The Brothers Redglen were Merlinite Wizards, followers of Merlin. As far as I know, there were no such wizards, however, according to my source material, Merlin, or Myrddhin, was a real 13th century astrologer who had absolutely nothing to do with King Arthur. Wishing to avoid lawsuits, I needed a made-up name. Glens are green, so we'll use red, hence Redglen. I met an English tourist who told me he actually knew someone named Michael Redglen. Must be that curse at work.

Their native guide in this strange new world, Tommy Hill, was brought to life by David Snow, the star of the classic, THE DORM THAT DRIPPED BLOOD. Good actor, but a tad old for a college student.

Salatin, our Boogy Man, was Brenden Dillon, Jr., a male model and ardent surfer. I always thought he was too pretty for the part. My Salatin would have been a repulsive ugly old creep, his appearance being a reflection of his befouled soul. The name, SALATIN, came from the name of a practitioner of the Dark Arts who first appeared as a character in an ancient play. I found the name in an old book on magic and witchcraft , my source material, which revealed itself to me as it lurked in the cut out bin of my college bookstore. Brendan told me that Salatin came to him in a dream, wearing a white robe. Salatin told Brendan that he approved of how Brendan was playing him. I rescued the old bastard from obscurity and he never talked to me!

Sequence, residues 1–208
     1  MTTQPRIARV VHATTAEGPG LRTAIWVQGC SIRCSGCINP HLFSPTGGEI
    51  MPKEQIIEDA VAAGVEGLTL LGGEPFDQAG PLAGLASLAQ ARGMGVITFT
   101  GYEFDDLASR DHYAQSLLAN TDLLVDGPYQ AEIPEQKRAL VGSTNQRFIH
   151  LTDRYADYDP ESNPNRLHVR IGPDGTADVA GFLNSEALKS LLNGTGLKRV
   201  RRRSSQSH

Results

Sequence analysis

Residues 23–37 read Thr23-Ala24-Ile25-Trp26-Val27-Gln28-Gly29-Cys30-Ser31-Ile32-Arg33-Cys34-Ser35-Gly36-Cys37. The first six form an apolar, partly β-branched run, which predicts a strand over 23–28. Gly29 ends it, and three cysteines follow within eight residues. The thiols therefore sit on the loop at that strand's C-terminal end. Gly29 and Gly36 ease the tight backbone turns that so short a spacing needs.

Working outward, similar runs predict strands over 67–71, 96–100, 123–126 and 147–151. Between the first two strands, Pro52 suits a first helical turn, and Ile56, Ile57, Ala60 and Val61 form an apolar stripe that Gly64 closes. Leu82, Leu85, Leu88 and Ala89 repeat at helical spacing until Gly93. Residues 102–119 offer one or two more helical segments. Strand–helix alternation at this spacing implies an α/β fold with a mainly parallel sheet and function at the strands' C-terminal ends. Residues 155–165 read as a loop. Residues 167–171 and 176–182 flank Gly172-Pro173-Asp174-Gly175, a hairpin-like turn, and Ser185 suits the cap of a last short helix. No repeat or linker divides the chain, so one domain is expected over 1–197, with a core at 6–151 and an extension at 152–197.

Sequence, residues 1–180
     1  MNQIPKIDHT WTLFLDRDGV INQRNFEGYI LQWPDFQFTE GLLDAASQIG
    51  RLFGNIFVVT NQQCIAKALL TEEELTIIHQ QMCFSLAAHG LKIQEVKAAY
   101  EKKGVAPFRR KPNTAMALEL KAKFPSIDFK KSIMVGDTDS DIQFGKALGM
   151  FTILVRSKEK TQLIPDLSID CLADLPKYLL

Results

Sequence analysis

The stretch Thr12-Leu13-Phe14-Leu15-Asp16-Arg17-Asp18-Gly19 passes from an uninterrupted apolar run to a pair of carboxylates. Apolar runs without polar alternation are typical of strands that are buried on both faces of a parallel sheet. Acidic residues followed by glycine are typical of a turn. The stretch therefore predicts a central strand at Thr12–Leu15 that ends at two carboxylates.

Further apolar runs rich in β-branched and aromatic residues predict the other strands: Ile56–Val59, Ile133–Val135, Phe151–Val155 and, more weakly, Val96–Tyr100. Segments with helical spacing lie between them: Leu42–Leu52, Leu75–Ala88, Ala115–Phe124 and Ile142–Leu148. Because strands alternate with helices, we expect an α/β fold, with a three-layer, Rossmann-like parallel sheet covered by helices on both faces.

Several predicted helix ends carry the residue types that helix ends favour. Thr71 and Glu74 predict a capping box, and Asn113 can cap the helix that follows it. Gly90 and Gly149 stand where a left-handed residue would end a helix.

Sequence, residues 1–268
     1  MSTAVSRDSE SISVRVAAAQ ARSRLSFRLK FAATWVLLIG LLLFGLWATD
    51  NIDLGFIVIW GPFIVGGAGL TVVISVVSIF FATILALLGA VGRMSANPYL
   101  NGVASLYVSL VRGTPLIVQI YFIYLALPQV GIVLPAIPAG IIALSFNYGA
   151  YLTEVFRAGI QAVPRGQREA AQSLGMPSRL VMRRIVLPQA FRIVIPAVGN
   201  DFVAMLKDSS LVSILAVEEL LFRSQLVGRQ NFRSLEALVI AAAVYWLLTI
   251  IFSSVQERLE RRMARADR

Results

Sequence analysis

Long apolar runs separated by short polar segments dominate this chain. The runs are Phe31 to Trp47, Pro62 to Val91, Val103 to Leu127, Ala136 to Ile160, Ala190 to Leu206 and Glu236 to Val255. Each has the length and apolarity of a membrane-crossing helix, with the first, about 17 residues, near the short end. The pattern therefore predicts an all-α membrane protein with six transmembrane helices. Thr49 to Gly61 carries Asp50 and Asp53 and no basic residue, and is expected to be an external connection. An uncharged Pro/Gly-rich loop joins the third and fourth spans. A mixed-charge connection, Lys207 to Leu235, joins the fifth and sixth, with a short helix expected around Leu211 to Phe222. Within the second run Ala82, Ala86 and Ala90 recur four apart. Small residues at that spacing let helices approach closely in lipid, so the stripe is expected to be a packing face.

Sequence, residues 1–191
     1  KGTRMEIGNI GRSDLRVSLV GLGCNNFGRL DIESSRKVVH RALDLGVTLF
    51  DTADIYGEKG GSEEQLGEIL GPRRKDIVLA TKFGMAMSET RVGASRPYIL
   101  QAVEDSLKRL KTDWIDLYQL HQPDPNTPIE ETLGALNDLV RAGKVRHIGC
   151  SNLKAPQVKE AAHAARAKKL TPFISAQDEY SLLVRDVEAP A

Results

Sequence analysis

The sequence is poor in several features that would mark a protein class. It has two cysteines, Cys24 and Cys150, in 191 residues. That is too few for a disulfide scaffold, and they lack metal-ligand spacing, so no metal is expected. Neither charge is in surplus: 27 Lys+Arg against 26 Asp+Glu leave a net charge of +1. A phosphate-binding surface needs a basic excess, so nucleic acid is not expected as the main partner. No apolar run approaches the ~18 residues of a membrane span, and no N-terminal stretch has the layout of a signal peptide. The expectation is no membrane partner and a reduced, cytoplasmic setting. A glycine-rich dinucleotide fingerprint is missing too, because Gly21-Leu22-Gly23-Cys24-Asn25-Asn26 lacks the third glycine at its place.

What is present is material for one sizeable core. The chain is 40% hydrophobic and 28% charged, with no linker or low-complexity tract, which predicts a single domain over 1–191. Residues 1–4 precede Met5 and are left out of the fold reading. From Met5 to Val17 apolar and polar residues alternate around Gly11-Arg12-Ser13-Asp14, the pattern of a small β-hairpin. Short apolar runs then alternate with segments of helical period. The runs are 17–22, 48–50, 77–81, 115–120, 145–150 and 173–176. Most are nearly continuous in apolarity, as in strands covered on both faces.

I wanted to play Salatin. I'm a mediocre actor, but a brilliant ham. Unlike SURGIKILL, however, there is a little of me in LORDS OF MAGIC, all of it voice-over work. In the King's Court scene, you'll hear me shout the off-screen line, “Send for the Headsman!” I also supplied various screams, laughs, demonic growls, etc, for the end of the Gypsy scene.